At the end of the year, I normally conduct a retrospective. This is, however, the first time I’m making it public. Naturally, there are things that I cannot, or am unwilling to share, and hence this represents a subset of my reflection over 2018. Here I share the key milestones and some thoughts in chronological order.

January marked the start of my second semester as a Year 2 Computer Science student in the National University of Singapore. Some time late last year, I took an interest in Machine Learning, working on Carousell’s image search and price suggestion mechanism. I took many ML-related modules, and undertook an undergraduate research project (more on this later). I took a total of 8 modules, spreading myself way too thin. I struggled quite a bit that semester, but managed to pull through because the modules I were taking were interesting and interconnected.

After the semester I took a nice break in eastern Europe, visiting Croatia, Bosnia and Slovenia. Upon my return, I joined Carousell as a Data Scientist Intern, where I internationalized the smart chat replies feature to non-English speaking countries like Hong Kong. I also worked on the pipeline that powers the new image search and price suggestion mechanism. I’m grateful to have been given the opportunity to work on high-impact features, using large datasets consisting of millions of products to train models. Carousell has a great data pipeline that abstracts away a lot of the painful data pre-processing work for me, allowing me to focus on my experiments and getting things to work. On hindsight, I should’ve been more proactive in seeking advice or looking for colleagues to bounce ideas with: that would’ve saved me a significant amount of time.

Before school resumed, I took a short trip to Hangzhou for a Data Visualization Summer School, with a couple of friends. The summer school was poorly planned and had a lot of repeated content. However, we visited a NLP engineer at the Alibaba HQ, and had lots of good food during our stay.

After a tiring first semester, I decided to take fewer modules. These modules were 4k modules, and proved to be quite challenging. During this time, I also continued working part-time for Carousell. This was also the season for internship applications overseas. At the same time, I had to put in extra work on the undergraduate research project I had undertaken at the start of the year, because I chose an open-ended project and went down a research direction where I couldn’t make substantial contributions. Once again, I was spread way too thin, and had too many commitments. Things didn’t go as smoothly in this semester.

I applied to a dozen companies, and the interviews lasted from October into late November. I was not sufficiently prepared for the interviews, and had erratic performance for each interview. This proved detrimental, because the application process for all companies span multiple interviews, and a poor performance in one meant immediate disqualification. Jane Street invited me to Hong Kong for an onsite, and I lacked the confidence and preparation to produce clean and correct answers. What I needed to do better was consistent and intense practice, including both problems on Leetcode and mock interviews. On hindsight, an overseas internship was not particularly high on my priority list, and not getting one is fine with me.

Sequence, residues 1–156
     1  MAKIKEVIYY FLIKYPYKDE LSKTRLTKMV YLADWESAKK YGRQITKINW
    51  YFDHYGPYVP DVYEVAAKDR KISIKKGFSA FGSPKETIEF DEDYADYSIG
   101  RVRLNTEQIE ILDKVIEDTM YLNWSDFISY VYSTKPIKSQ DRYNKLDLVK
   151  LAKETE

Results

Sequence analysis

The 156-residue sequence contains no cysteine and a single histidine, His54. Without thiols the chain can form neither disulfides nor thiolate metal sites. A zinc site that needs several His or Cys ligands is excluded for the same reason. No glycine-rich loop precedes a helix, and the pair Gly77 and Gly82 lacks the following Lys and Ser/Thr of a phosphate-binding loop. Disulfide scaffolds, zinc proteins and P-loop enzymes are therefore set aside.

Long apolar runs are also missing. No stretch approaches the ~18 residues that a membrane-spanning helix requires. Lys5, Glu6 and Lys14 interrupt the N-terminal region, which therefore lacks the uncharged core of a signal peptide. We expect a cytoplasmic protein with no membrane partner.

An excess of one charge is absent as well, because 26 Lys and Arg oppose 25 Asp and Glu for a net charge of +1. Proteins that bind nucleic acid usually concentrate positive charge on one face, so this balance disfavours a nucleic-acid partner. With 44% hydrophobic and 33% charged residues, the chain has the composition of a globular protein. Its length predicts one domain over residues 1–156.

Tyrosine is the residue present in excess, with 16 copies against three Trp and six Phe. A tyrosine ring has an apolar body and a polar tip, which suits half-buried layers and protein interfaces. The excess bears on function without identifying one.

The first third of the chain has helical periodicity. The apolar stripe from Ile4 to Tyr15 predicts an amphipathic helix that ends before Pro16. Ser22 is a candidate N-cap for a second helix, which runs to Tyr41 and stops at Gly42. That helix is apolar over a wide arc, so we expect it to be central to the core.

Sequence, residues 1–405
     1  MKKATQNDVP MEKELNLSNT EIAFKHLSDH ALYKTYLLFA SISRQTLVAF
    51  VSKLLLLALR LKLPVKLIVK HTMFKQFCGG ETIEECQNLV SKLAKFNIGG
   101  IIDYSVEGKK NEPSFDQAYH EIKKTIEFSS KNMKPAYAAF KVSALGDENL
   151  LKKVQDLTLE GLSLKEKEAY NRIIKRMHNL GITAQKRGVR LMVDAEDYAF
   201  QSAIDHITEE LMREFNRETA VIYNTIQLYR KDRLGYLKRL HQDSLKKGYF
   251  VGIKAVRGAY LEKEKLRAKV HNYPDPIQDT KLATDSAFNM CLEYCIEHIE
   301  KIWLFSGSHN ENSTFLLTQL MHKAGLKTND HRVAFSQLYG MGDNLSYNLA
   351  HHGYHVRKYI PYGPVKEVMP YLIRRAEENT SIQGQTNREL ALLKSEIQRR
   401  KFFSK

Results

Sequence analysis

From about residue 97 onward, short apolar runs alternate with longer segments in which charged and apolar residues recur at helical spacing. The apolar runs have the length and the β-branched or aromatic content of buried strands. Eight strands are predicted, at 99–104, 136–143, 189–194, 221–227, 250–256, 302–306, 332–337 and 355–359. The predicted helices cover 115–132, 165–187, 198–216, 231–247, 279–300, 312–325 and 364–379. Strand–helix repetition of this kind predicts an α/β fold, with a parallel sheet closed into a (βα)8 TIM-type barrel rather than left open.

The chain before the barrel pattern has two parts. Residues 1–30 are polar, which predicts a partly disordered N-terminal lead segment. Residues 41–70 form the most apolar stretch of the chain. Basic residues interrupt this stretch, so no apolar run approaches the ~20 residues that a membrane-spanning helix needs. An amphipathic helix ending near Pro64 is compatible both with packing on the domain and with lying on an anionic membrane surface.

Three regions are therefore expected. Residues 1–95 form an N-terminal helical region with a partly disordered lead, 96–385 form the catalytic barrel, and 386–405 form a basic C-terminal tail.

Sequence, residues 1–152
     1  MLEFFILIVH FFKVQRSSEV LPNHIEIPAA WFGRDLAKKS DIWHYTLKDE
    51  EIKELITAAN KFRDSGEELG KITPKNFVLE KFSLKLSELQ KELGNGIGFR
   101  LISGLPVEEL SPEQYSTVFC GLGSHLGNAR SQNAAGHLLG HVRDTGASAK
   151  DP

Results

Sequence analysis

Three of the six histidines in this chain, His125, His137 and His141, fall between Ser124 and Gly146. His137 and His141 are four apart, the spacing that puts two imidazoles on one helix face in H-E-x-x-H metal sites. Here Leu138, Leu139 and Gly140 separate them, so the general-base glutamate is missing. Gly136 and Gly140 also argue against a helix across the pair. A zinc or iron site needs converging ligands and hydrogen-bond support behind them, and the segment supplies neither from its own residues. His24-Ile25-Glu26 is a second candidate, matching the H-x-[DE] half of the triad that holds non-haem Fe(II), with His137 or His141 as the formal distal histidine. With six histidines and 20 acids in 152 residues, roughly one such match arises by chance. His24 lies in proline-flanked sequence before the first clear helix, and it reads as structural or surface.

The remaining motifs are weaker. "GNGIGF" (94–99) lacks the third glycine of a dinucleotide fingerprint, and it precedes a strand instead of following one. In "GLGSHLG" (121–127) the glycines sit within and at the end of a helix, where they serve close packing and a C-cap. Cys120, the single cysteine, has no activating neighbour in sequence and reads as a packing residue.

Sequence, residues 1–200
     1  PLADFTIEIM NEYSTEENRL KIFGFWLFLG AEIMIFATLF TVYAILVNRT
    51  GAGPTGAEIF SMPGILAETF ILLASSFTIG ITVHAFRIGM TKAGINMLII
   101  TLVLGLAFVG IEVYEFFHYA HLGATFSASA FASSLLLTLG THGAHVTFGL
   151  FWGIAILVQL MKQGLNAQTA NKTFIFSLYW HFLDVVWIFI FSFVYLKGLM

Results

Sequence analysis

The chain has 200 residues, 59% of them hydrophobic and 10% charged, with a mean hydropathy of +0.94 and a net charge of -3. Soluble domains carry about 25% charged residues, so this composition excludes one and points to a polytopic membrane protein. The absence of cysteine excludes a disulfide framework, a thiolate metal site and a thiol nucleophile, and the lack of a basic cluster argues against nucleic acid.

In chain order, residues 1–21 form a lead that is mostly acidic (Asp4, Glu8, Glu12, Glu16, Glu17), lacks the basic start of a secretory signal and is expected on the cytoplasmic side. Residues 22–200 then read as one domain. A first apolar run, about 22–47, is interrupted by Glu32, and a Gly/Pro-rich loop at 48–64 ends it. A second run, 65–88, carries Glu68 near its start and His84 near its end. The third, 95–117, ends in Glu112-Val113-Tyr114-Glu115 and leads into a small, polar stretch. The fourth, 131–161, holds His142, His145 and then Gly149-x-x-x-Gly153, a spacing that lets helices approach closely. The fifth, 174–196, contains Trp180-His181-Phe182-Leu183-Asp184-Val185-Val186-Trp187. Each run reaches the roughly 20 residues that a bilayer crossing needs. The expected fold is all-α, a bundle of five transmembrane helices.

Things that went well

In 2018, I adopted, or was more consistent with a number of practices that I have found to be quite helpful.

First on the list is exercise and meditation. Despite my busy schedules, a morning run always helped start my day right.

Coming in closely in second place would be reading. I’ve read 43 books this year, up from 10 last year. The books I read ranged from textbooks, to both fiction and non-fiction. I read one fiction book and one non-fiction book at a time. I read at night, and this helps me end the day away from the computers.

Things that went badly

This year I’ve been extremely sloppy with deadlines and time management. I started one of my group projects the week it was due, a project for which we were given more than 6 weeks. The situation has slightly improved after I became more rigorous in my Getting Things Done workflow, and I would need to revisit and simplify this workflow.

I’ve also spent many days in procrastination. A large part of me is convinced that this is burnout. I’ve also definitely not slept enough this year, and now know acutely the effects of lack of sleep. I’ve fallen sick more times than I have in the past half a decade. To resolve both these problems, I need to settle into a good day and night routine, and the December holidays is perfect for that.


Here are some of my favourites of 2018.

Books Read

David MacKay: Information Theory, Pattern Recognition and Neural Networks was introduced to me as the companion textbook for my Information Theory module for the first semester of the year, and this quickly became my favourite textbook of all time. Mackay has the ability to present information about difficult concepts (I’m looking at you, Monte Carlo sampling) in an entertaining and digestable manner. This book also draws the link between statistical inference, neural networks and information theory, all three interesting topics stand-alone, but delightful together.

As for fiction, The Three-Body Problem is both thought-provoking for its clever use of scientific ideas, as well as being a depiction of the Chinese culture during the revolution. I also found myself hooked to the Red Rising tetralogy.